Primary Prevention of Overweight and Obesity: An Analysis of National Survey Data
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- Cite this article as:
- Lutfiyya, M.N., Nika, B., Ng, L. et al. J GEN INTERN MED (2008) 23: 821. doi:10.1007/s11606-008-0581-5
Obesity is rapidly approaching tobacco as the leading cause of preventable morbidity and mortality. Health care providers have the opportunity to address this through primary prevention strategies.
To assess whether health care professionals provide primary prevention for overweight and obesity by examining the percentage of healthy-weight (body mass index [BMI] = 18.5–24.9 kg/m2) individuals who report being advised to maintain a healthy weight.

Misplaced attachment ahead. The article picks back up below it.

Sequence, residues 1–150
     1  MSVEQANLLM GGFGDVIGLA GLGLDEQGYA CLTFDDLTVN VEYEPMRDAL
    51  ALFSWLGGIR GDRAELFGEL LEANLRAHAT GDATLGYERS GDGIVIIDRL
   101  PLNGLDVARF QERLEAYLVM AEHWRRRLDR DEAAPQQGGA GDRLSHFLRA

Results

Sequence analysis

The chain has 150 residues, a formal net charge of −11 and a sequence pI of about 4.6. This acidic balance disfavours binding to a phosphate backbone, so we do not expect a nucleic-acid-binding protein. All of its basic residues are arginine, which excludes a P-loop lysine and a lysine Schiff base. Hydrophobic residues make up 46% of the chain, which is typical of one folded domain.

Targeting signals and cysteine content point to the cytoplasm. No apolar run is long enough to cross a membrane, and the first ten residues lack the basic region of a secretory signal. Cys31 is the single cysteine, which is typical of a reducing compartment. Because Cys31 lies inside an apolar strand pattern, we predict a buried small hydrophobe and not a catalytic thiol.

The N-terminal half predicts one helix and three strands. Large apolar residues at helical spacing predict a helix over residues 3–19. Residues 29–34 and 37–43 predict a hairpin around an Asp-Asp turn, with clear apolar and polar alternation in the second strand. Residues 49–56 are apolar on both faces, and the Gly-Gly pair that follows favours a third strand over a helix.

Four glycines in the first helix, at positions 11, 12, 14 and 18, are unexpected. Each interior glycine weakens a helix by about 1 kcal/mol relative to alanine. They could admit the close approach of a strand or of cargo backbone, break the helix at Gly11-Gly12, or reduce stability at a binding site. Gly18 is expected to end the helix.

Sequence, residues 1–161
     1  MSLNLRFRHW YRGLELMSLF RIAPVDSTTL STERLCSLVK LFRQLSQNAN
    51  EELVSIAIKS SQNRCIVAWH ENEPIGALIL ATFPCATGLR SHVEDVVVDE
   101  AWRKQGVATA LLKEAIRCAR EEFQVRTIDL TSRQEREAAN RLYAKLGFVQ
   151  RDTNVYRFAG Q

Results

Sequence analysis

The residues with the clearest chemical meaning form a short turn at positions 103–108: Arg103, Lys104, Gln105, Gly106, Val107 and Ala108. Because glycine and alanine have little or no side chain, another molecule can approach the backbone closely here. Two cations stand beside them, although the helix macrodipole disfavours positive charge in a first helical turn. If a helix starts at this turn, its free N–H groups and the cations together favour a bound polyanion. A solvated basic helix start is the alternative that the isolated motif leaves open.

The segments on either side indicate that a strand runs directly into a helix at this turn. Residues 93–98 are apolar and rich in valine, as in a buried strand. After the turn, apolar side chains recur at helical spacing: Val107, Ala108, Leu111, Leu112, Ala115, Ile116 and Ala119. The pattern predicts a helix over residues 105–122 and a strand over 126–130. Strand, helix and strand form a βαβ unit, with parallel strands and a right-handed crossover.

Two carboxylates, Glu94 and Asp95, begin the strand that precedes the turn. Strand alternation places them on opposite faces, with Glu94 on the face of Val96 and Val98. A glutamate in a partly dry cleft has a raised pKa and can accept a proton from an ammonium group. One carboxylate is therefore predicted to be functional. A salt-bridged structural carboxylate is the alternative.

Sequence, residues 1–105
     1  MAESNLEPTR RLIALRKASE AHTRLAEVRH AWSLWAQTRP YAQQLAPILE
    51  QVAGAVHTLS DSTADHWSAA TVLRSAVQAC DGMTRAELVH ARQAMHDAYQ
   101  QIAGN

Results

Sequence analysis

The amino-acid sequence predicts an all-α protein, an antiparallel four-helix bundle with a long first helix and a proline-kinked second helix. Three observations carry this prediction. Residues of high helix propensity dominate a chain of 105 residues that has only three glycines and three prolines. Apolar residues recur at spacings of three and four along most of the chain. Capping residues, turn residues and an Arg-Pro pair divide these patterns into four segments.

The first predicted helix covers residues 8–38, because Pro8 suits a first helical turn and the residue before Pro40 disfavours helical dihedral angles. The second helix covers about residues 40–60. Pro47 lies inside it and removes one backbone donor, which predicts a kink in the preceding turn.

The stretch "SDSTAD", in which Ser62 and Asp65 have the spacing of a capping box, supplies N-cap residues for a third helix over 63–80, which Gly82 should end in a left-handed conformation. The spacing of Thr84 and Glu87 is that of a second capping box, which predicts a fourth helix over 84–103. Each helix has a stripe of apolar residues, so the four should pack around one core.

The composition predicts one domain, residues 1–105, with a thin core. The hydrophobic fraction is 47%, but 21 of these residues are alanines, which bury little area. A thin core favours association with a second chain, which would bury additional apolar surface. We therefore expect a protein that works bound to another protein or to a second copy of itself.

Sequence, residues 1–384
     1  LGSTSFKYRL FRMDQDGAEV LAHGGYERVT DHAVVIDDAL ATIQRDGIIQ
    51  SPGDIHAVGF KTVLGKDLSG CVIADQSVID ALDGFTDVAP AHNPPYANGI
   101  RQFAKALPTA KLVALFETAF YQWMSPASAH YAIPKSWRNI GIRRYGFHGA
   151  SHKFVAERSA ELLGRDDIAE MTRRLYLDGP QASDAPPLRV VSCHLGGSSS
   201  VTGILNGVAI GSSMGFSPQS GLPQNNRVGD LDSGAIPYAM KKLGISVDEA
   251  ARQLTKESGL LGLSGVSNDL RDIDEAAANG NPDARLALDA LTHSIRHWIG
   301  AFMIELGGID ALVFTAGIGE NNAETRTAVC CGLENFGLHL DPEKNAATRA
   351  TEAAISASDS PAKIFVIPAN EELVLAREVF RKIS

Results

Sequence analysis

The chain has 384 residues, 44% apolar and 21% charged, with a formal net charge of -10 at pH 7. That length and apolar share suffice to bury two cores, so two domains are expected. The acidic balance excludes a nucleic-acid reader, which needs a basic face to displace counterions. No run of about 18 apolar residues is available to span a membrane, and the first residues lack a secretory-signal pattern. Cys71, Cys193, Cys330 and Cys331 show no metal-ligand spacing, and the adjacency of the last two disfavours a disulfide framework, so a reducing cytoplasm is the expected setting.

Cross-sectional analysis of the 2003 Behavioral Risk Factor Surveillance Survey data.
Noninstitutionalized U.S. adults >18 years of age.
Among healthy BMI respondents, only 2.6% reported receiving primary prevention. Logistic regression analyses yielded that healthy-weight adults receiving primary prevention were more likely to report: being 18–49 years of age, annual household incomes <$35,000, having at least 1 comorbidity, having a health care provider, changed eating habits to include less fat or fewer calories, and using physical activity to maintain or lose weight. Men were also more likely to receive primary prevention.
Only a very small proportion of healthy-weight adults received primary prevention, which suggests that physicians are missing opportunities to help address the epidemic of adult obesity in the US.